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Beit Midrash Series P'ninat Mishpat

Chapter 128

Backing Out of Relinquishing Rights to a Ketuba

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Case:
P'ninat Mishpat (575)
Various Rabbis
127 - A Guardian Relinquishing a Minor’s Rights to Child Support
128 - Backing Out of Relinquishing Rights to a Ketuba
129 - Dimei Mafteiach Rights to an Apartment
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A couple began adjudication, with the husband asking to give a get and the wife asking for reconciliation. The two finally agreed on a get and empowered beit din to come to a compromise ruling on finances. As a result, the wife was to receive, along with her get, 28,000 liras, with which she would have relinquished any claims for a ketuba payment. The couple did not carry out the get, and the wife is now (a year and a half later) asking for reconciliation, including mezonot (spousal support). She claims that they had been living, in the interim, as husband and wife. The husband denies they had been living in such a manner and wants the right to remarry. He says that since she agreed to divorce with a financial settlement, she already waived rights to the conditions of the ketuba, including mezonot, and he is ready to carry out the agreement, including giving a get. While the wife is capable of reneging on her agreement to be divorced, the husband claims that this should not affect the financial element of the agreement. The wife claims that the financial element is linked to the ending of the marriage and thus if the marriage will continue as she is demanding, the financial agreement is meaningless.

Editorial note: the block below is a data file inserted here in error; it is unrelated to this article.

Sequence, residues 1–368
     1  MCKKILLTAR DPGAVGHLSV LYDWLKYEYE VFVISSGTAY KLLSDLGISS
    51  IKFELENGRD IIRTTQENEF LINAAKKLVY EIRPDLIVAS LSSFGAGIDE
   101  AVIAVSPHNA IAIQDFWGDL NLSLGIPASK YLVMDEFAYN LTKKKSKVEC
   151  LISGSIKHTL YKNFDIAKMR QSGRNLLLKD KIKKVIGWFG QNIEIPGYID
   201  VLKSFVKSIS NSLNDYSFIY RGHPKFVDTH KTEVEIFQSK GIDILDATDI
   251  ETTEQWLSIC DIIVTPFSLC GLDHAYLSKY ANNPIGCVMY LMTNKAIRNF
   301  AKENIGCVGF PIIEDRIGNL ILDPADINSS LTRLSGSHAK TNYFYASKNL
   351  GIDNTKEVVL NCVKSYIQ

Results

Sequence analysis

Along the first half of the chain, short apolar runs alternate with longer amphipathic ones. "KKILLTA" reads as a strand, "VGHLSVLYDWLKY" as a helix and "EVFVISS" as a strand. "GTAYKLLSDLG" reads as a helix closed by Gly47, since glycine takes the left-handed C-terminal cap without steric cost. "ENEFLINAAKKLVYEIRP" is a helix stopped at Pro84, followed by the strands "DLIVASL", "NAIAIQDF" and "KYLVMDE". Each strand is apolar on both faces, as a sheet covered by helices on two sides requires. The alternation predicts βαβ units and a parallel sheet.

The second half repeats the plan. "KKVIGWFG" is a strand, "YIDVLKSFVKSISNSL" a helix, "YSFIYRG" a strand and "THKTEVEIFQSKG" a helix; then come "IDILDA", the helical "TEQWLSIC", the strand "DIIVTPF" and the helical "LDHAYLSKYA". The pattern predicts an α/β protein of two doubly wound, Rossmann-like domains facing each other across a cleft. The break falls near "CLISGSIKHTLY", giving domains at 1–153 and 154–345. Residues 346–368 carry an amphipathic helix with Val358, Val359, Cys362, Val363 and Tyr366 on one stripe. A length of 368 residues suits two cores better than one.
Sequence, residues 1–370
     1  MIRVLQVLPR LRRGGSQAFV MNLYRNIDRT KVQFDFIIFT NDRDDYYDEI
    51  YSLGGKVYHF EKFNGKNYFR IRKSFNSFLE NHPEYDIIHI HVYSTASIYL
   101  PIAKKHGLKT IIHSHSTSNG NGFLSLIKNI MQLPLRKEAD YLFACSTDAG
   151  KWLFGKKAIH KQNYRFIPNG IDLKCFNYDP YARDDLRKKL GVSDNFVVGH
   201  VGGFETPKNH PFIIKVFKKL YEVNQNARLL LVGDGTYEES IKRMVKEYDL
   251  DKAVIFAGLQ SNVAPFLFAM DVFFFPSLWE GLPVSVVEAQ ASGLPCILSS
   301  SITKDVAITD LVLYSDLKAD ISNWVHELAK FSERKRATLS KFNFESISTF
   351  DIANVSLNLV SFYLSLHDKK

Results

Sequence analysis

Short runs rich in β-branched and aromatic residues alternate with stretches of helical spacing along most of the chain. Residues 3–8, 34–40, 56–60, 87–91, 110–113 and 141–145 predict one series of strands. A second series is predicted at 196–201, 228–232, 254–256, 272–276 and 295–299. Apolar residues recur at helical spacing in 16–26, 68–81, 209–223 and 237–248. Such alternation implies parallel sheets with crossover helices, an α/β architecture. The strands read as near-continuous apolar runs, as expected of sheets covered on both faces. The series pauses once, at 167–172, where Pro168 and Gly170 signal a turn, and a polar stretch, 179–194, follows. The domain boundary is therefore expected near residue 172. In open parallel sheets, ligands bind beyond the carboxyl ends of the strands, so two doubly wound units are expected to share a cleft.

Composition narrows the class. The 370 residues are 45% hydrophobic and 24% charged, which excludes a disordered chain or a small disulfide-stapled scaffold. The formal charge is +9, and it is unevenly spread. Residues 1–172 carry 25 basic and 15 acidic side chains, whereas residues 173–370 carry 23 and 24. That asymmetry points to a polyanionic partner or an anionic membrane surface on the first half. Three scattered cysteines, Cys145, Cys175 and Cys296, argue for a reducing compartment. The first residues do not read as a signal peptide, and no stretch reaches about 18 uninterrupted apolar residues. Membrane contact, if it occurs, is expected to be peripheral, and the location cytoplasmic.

Ruling: The wife is entitled to mezonot. Even if we were not to accept linkage between the financial elements and the get, the husband would have to carry out, in practice, his part of the agreement within thirty days by giving the 28,000 liras to implement the agreement. If she were unwilling to receive the money, the husband could do his share by putting the money in escrow in beit din’s control. In practice, only after the wife’s demand for mezonot and reconciliation did the husband show a willingness to pay the money. With the great devaluation in the currency in the meantime, it is inconceivable to leave that sum of money as her only financial rights.
Although the ruling could end here, we want to relate to the fundamental claim that there is not linkage between the get and the financial agreement. The sources that the husband’s lawyer brings from rulings of Rabbinate courts are not pertinent. One says that the woman’s relinquishing (mechila) of ketuba rights is binding even if no get is given, but that is said only when she explicitly made the mechila effective immediately. Even if there were a doubt on the matter, we would say that a doubtful mechila does not undo a definite existing obligation. In truth, though, both elements of the agreement were decided upon by the beit din as one whole unit and their implementations are inseparable.
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